Five new initiatives join the distinct Fellowship to shorten the gap between innovative and equity-based solutions for students
27 April 2021, Saint Louis, Missouri — The Education Innovation Hub (EdHub), a project of Venture Cafe St Louis announced its third EdHub Fellowship cohort. The Fellowship is a six-month pre-accelerator program that supports early-stage education entrepreneurs launch new ideas rooted in equity and technology. Over the course of six months, Fellows receive strategic support through non-dilutive funding, one-on-one mentorship, and peer support from a community of education entrepreneurs to develop the first version of their idea.
“We have an amazing group making up five early-stage initiatives,” says current Expert-in-Residence, Marcus Howard, PhD, who is leading the cohort. “Not only do they have great ideas to improve the lives of our young people, but more importantly they are taking action to make it a reality for students who need it most.”
EdHub was created to support creative thinkers in education similar to how the startup ecosystem supports up-and-coming entrepreneurs. The Fellowship creates a path of success by providing mentorship, best practices for launching new initiatives, and access to St Louis’ experts in education and technology. Venture Cafe’s EdHub program aims to empower more than 100 education intrapreneurs and entrepreneurs who will launch new ideas rooted in equity and innovation by 2030.
“We are excited to work with these bright minds in the St Louis education community,” says Tyler Mathews, executive director of Venture Cafe St Louis. “We’ve selected five compelling visions centered around systems that specifically work to distribute access to opportunity to those furthest from it.”
The Fellowship began in April and will continue through September concluding with a public launch and demo day. The 2021 EdHub Fellowship includes:
Najjuwah Walden, PhD
Najjuwah is the founder of The Raspberry Clinic, a shared decision-making tool aiming to identify the sexual health literacy of end-users to develop personalized recommendations for education and clinical care.
She began her career in behavioral economics where she researched adolescent use of narcotics and sexual behaviors. This study led her to the Brown School at Washington University in St. Louis where she pursued a career as a Disease Intervention Specialist. She learned about the need for sexual and reproductive health literacy among women with a history of infections who were also clinically considered infertile. This led her back to the Brown School to study how literacy improvements can improve gynecologic services. Her current studies aim to understand how lifestyles and literacy contribute to reproductive risk. Her vision for The Raspberry Clinic is to develop an innovative solution that can identify these risks and personalize education at the point of care.
Bridgett Billingsley, M.S.
Bridgett is building a new service to address racial injustice in school discipline through a data-focused, six-sigma model to improve the disciplinary process.
Born and raised in the city of St. Louis Bridgett holds two master’s degrees in chemistry and nutrition and a bachelor’s in chemistry. Bridgett is an educator with nearly 20 years of experience and is currently teaching science and health and wellness for Arizona State University Digital Prep. She is also a contributor to Black Girls Do STEM.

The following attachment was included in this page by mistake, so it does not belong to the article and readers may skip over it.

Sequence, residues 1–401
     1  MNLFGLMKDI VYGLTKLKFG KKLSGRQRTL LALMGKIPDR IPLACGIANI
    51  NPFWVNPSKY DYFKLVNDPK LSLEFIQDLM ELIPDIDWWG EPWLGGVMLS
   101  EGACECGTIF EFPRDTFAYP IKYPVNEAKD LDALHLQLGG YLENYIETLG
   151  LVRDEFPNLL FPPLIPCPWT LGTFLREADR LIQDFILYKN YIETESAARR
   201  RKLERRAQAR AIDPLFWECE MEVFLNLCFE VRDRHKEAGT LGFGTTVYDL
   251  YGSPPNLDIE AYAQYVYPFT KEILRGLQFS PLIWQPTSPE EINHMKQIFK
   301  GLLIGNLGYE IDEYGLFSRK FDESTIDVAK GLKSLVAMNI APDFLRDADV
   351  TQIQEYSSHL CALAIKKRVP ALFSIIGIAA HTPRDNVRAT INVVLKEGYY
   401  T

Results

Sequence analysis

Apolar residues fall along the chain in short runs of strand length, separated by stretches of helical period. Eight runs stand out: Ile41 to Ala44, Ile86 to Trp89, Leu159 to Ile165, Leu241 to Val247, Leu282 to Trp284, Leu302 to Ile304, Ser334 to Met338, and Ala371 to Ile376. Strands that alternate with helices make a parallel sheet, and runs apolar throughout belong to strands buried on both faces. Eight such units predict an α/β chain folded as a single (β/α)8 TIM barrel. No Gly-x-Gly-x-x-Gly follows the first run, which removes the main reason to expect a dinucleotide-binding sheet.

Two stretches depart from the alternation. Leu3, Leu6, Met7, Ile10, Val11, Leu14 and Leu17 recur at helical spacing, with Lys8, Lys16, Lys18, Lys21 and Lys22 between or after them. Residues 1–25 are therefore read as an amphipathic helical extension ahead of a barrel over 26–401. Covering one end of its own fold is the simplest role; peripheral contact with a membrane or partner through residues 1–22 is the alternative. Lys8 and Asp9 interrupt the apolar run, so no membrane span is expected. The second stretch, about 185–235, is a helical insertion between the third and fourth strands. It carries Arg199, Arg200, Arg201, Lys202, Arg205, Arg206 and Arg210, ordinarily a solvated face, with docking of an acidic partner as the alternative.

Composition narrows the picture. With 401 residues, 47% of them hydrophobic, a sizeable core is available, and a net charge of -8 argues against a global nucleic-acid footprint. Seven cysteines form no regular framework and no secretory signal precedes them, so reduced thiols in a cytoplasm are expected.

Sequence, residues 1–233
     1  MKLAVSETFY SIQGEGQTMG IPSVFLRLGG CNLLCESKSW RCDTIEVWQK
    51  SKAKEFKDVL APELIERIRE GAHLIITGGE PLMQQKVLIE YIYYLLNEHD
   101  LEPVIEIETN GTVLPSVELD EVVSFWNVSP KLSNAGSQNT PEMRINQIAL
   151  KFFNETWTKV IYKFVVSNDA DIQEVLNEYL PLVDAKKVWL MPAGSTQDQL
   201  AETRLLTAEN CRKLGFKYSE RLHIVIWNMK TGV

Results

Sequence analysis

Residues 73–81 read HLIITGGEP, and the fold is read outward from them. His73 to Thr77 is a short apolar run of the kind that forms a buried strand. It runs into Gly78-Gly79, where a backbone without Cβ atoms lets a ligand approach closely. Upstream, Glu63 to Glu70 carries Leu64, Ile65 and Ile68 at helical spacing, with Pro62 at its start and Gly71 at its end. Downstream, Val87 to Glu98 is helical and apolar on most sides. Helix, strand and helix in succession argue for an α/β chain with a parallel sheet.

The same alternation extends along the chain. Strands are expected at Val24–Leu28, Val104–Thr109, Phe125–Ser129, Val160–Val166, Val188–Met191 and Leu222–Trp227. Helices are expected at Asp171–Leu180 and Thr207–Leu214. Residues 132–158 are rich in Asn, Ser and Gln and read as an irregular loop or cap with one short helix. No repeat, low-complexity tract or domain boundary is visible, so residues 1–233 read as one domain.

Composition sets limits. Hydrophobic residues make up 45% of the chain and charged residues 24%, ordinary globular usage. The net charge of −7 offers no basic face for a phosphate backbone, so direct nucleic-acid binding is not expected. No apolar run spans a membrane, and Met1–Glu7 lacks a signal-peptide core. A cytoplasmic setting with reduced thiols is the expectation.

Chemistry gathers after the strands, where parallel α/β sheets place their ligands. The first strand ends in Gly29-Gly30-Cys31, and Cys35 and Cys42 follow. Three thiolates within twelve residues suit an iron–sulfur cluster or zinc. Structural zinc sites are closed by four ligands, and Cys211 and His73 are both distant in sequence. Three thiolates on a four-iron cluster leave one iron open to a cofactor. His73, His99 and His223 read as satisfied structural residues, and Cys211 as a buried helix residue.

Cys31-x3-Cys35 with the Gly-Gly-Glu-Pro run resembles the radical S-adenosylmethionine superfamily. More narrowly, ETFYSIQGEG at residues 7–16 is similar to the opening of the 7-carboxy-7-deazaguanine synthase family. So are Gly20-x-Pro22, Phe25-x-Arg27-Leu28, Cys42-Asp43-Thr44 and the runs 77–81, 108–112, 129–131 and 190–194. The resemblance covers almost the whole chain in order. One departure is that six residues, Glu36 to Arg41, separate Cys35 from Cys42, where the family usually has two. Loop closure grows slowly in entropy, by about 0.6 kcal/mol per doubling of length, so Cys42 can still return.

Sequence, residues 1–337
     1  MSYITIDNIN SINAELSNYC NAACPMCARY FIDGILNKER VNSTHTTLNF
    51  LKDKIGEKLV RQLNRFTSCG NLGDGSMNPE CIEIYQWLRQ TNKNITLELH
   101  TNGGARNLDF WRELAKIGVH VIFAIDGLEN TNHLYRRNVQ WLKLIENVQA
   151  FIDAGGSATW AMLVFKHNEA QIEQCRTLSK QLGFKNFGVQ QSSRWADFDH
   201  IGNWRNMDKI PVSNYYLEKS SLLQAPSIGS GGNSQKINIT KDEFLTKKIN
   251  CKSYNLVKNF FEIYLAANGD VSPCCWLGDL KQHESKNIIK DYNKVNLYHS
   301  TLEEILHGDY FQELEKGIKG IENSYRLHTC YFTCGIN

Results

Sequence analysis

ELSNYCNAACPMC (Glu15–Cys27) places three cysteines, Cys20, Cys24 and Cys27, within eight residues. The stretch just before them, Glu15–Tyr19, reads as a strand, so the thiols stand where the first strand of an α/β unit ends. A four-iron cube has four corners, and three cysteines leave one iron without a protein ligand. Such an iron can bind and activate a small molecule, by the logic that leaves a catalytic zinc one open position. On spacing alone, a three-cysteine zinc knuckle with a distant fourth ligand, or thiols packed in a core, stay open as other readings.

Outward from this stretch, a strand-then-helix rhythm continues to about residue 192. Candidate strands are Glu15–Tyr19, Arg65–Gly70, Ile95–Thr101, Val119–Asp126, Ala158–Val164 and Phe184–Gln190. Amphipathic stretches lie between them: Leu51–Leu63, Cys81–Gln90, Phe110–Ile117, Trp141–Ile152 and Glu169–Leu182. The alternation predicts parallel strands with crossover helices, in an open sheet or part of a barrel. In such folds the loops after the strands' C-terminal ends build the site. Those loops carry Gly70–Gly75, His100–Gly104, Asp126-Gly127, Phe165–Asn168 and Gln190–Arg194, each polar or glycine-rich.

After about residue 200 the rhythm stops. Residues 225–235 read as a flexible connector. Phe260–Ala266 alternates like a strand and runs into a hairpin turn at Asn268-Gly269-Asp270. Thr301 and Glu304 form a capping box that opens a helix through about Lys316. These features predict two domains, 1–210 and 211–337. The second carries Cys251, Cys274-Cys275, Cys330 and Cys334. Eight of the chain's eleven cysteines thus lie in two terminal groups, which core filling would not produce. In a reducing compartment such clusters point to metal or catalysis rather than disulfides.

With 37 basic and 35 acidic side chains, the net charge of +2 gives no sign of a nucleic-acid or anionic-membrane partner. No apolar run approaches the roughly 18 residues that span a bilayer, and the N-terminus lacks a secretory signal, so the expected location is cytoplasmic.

Nick’s idea is the College Application Simulation, an application that simulates the entire experience of going through the college planning process, beginning from the research phase up to and including course registration.
Nick is a graduate of the University of Central Missouri with a Bachelor of Science in Sport Management and a minor in Business. As a native of St. Louis, Missouri, Nick has served as a mentor and tutor to students with academic and behavioral challenges at McKinley Middle School and underclass students at the University of Central Missouri. There he also served as a drug addiction technician. He now works with students at the STEAM Academy at McCluer South-Berkeley as a college adviser and is pursuing a master’s degree in higher education.
Jason Jabbari, PhD
Jason is building Upskilr, a web application to identify, match, and map job-seekers and employers with upskilling programs in local labor markets.
Jason is an assistant research professor at the Brown School at Washington University in St. Louis where he leads the education research portfolio at the Social Policy Institute. A former classroom teacher and school leader, Jason uses sociological theories and quantitative methodologies to explore education programs, policies, and practices related to equitable outcomes for marginalized communities. His most recent work has been published in Urban Education, Children and Youth Services Review, Youth and Society, and Forbes. In addition to research, Jason collaborates with colleagues and students to co-create technology tools that can allow for more fair and efficient transitions to education and the workforce.
Imani Lynne Myton
Imani is developing a student-led learning platform that allows children to participate in the learning environments that they create. Online learning has become a primary tool in school systems but comes with several challenges including engagement. Allowing children to contribute to their learning spaces can encourage increased participation and development.
Before coming to St Louis, Imani spent nine years in Washington, DC, and is currently a fellow in the 2021 summer coding fellowship led by the St Louis startup, Less Annoying CRM.